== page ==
Last year, the Council Archives in Ede published a new book, in the series covering Historical Reports Ede, about ‘the incredible patrol’. It is entitled ‘Sims, get me a prisoner’ and was written by Evert van de Weerd.

In October 1944, the southern bank of the Rhine at Heteren was defended by the 501st Parachute Infantry Regiment, a part of the 101st US Airborne Division. In an effort to obtain more information about the German units on the north bank of the Rhine, the Americans tried, several times, by sending over patrols, to capture some German POW’s. Eventually, in the night of 30-31 October 1944, the intelligence officer, Lt Sims, decided to cross the Rhine himself with five soldiers, to capture some Germans. Crossing through the German lines, the patrol reached via Wolfheze the Planken Wambuis restaurant on the N224 road between Ede and Arn­hem. At the forester’s dwelling, a little further towards Ede, Sims set up a listening post. During the day, vari­ous passing Germans were taken prisoner. During the patrol’s return journey the following night, these priso­ners were taken with them. Eventually, Sims and his patrol, together with 32 German POW’s, safely reached the American lines. When Sims made his report, his CO, General Higgens said ’Incredible’.

A report about this patrol, appeared on 15 January 1945 in the American weekly magazine ‘LIFE’ and a year later, there followed received a further number of photos from America. Sadly it was too late to include these in the book. The author presented them to the SFAM, so that enthusi­asts could see them. One of them accompanies this article. In the second part of the book, Evert writes a brief history of the 101st Airborne Division in the Netherlands. It begins with the air landings on 17

September 1944, followed by the fighting at Best, Son, Veghel and Koevering. There follows the posting to the Betuwe, during which amongst others, Operation Pe­gasus 1 took place. The main text is made clearer with a number of very good colour maps Also, ‘Mary of Arn­hem’ (Helena Sensburg] who, as an English speaking announcer, worked for the Germans at Radio Hilversum, comes into the story. Her ID card is now in the collection of the Airborne Museum.

“Sims, get me a prisoner” is a simple but well written book in Dutch, that gives a clear summary of the various actions covered. Those interested in the Battle of Arnhem and its aftermath don’t have to look at the price, as it is only €10. The issue is small, only 250 copies have been printed. The book is only available at the Council Archive in Ede.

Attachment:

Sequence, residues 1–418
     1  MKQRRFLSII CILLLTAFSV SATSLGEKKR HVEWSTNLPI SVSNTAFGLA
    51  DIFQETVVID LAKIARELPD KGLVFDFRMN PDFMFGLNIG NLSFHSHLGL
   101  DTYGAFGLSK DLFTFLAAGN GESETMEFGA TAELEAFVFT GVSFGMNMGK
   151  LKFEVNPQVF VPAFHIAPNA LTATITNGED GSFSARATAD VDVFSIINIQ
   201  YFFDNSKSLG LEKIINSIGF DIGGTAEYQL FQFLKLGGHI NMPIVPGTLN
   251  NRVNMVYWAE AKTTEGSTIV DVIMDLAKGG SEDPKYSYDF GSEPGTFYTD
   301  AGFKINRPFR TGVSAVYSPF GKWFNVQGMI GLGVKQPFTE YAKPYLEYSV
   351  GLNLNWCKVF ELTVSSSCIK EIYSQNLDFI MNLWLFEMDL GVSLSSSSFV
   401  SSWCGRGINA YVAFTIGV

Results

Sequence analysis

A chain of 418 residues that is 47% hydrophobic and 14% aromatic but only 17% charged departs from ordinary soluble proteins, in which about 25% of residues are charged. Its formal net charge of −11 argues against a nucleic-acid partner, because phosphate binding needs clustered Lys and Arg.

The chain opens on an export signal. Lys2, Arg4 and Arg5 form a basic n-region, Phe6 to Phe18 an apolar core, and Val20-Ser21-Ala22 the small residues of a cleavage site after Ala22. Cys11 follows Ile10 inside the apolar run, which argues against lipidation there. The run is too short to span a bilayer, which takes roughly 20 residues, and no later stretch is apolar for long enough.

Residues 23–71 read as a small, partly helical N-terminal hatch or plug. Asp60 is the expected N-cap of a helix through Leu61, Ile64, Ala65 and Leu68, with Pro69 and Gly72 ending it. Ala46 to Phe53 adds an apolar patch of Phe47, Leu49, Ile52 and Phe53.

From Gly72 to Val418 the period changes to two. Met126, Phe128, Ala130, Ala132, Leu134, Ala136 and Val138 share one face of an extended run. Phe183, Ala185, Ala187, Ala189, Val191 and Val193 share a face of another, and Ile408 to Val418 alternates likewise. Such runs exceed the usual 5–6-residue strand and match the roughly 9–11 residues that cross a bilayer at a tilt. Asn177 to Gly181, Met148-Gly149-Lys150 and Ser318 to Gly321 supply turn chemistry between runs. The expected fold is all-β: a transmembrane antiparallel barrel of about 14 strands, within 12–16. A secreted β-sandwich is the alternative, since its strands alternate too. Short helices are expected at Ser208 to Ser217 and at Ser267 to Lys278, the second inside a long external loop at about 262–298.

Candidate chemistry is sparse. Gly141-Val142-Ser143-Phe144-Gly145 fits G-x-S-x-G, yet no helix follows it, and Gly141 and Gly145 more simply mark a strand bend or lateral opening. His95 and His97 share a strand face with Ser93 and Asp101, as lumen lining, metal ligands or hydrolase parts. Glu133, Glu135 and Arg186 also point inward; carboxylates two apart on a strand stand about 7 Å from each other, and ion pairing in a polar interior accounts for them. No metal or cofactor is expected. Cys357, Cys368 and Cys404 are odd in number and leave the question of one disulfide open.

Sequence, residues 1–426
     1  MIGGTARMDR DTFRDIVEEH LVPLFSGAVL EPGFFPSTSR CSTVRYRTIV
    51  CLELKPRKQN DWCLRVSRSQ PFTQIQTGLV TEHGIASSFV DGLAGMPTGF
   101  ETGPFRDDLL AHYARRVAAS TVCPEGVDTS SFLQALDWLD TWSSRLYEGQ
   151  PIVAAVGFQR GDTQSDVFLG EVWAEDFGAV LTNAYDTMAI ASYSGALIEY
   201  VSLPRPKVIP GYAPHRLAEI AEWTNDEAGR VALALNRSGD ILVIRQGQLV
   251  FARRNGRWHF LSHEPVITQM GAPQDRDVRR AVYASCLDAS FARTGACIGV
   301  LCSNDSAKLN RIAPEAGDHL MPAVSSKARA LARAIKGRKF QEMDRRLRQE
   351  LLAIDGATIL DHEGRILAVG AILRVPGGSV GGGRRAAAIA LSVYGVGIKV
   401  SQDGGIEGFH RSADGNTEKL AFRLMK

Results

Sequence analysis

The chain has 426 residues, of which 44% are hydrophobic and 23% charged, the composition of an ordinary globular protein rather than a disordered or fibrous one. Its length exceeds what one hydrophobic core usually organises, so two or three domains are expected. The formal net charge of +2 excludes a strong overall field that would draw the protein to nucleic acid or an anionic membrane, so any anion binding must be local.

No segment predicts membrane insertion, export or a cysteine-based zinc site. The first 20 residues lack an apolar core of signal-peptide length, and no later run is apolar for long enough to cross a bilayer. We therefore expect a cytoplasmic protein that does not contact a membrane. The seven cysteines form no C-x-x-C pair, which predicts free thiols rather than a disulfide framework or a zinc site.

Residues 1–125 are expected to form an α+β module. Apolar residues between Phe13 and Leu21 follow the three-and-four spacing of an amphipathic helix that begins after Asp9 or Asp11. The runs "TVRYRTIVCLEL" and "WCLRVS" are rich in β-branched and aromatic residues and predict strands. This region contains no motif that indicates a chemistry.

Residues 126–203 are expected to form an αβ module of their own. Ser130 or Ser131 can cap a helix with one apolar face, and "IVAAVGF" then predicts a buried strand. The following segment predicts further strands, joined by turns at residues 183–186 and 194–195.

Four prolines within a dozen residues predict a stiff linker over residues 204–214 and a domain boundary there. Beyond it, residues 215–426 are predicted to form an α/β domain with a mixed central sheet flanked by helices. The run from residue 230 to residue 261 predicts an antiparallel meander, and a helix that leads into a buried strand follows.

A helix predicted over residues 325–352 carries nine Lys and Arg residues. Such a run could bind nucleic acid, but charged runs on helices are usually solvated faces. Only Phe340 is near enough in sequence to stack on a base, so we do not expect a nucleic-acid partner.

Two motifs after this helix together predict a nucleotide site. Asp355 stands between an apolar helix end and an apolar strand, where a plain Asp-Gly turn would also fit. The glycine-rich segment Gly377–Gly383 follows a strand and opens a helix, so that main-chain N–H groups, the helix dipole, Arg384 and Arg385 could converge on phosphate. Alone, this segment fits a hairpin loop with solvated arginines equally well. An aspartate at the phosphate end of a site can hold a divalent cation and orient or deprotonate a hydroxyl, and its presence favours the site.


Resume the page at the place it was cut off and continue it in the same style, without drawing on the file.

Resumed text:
Those interested may contact W. Boersma, Tel: 0318-639633, e-mail: w.boersmaOwxs.nl.

As long as enough stock remains, he can collect them from the Council Archive and will post them to you.

Publisher: Gemeente Ede, Gemeentearchief 2013,

ISBN: 9789079623174, 75 pages and some colour, price €10 (Wybo Boersma)



by: Robert Voskuil

In the middle of the fields in Renkum, that on 17 and 18thSeptember 1944 were used by the 1st British Air­borne Division as a dropping and landing zone (“X”), on the east side of the Telefoonweg, lies ‘Sinderhoeve’ farm. In September 1944, here lived the Pennings family, that consisted of Jan Pennings (aged 34), his wife Gerdina Pennings-Schut (aged 30), their two small children Jan (aged 2) and Gerrit (aged 1), Jan’s brother Marinus Pennings and their parents, Mr & Mrs Pennings.

On Sunday 17 September 1944, Jan and his parents went to the Reformed Church on the Utrechtseweg in Heelsum. Gerdina stayed at home with the children and Marinus. During the church service the electricity supply cut off and the churchgoers began to hear in the distance, the rumbling sound of bomb explosions, but the service continued. Because there was no elec­tricity, the Minister left the pulpit and led the service standing between those attending. When the service was over, Jan and his parents sped home to the farm. Half way home, they saw in the sky over the village of Wolfheze, dust and smoke clouds hanging. It appeared that the village and the Psychiatric Hospital were heavily damaged by the bombardment.